Not being able to spend my money in a particular store, because of architectural barriers (a step, an unaccommodating door or aisle, lack of a curb cut); not being able to live in the house or apartment I would like to, because of architectural barriers; not being able to apply for a particular job that I was qualified for but the building or work site was not barrier-free: while the aforementioned can be frustrating/aggravating/hurtful, none of these exclusions are as painful to me as not being able to visit with family or friends in their home.

Following the passage of the Americans with Disabilities Act (ADA) of 1990, many able-bodied persons I spoke with thought that the problems disabled persons experienced in areas of housing, employment, health services, etc., would be corrected/overcome.  As I see it, the ADA was a small bandage on a large wound.

I think the original ADA, as passed, contained less than 18 lines of text.  As these things go, the Act is just a skeleton or framework.  It takes a couple of years after the Act’s passage by Congress before the Rules can be written; where the explicit language is fleshed-out in detail for all to know and follow.  And, there are exemptions and exceptions in some of the rules, to avoid being a hardship on those supposed to follow the rules: restaurants with fewer than 15 employees were not required to be accessible.  Interestingly enough, the U.S. Senate was exempt from being required to provide accessibility to those they supposedly wrote the ADA to protect.  My Government at work to help me…… NOT!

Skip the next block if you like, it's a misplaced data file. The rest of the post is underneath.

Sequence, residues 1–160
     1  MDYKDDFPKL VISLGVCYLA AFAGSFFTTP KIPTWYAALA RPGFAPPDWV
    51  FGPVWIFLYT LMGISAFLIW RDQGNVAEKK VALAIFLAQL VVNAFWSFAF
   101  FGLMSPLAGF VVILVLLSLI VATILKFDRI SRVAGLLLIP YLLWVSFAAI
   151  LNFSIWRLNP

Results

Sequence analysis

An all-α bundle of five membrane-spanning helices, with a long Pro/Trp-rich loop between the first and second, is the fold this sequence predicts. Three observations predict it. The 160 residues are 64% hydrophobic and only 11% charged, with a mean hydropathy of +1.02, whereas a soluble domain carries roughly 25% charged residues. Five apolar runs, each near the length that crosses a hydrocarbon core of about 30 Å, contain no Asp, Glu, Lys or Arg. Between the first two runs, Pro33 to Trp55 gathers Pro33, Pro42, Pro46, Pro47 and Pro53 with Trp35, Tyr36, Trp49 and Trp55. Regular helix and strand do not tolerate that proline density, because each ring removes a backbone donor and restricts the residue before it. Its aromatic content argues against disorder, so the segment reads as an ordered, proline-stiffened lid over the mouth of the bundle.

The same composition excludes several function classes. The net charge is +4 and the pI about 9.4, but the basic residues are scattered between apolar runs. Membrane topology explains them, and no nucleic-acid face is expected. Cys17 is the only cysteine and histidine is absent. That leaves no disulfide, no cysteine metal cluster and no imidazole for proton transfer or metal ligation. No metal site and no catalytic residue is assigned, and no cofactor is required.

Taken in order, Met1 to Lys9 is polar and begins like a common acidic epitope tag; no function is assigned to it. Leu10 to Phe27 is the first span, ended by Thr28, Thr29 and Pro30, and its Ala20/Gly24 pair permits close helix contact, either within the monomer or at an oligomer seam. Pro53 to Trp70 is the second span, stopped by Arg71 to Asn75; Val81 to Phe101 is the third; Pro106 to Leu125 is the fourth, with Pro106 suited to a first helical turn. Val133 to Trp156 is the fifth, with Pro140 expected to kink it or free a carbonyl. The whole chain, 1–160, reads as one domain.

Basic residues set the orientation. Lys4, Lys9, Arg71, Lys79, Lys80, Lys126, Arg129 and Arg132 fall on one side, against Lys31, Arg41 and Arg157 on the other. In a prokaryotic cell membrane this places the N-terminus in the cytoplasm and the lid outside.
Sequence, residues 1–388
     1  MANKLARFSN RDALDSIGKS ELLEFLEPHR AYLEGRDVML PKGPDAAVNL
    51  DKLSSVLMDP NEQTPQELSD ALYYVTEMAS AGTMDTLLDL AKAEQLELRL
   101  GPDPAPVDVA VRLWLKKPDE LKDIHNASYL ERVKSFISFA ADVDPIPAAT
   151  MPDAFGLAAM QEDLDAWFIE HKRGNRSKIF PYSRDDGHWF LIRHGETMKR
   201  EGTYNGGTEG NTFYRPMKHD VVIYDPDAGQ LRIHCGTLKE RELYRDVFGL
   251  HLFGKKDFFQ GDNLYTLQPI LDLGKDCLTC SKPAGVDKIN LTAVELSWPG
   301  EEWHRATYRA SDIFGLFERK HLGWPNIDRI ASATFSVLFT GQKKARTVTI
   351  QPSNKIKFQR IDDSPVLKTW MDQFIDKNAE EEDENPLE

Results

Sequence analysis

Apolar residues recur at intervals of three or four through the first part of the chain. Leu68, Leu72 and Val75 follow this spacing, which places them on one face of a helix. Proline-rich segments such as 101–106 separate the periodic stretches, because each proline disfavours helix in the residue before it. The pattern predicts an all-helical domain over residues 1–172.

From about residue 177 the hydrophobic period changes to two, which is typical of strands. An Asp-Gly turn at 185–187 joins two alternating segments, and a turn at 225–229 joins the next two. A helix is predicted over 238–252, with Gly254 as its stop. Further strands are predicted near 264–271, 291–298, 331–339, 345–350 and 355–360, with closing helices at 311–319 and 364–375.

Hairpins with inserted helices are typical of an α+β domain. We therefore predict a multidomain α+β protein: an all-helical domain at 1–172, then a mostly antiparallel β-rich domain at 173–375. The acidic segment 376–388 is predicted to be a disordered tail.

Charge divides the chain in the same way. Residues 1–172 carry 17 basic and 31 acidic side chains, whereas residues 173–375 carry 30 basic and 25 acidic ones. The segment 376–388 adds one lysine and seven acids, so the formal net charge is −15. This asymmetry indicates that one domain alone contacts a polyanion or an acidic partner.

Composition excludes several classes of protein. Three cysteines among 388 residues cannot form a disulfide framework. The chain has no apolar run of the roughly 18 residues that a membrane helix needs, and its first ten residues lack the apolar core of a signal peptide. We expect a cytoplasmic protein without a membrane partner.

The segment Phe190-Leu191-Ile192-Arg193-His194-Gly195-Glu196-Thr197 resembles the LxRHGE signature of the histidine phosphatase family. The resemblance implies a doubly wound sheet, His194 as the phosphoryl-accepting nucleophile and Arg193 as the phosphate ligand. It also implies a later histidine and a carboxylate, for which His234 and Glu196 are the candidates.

During my entire 30 years and 1 month of employment with the University of Delaware I was the only full-time employee, that I know of, permanently confined to a wheelchair: no one in the Administration was ever able to refute my claim.  There were wheelchair users in the student-body, as well as a broad diversity of other physical/learning/emotional disabilities.  But, high-ranking officials at the U of D reminded me several times that the University would only do the minimum required by law when constructing or modifying buildings/classrooms: meaning, many doors would NOT be wheelchair-accessible if only 1 would satisfy the law!

Until standards of design and construction are put into practice that do not restrict or isolate the “mobility-handicapped”, due to architectural barriers (let alone the many other ways people with physical challenges are still segregated); until we are given barrier-free access to a much larger piece of the American Pie, I have not witnessed the integration I long for!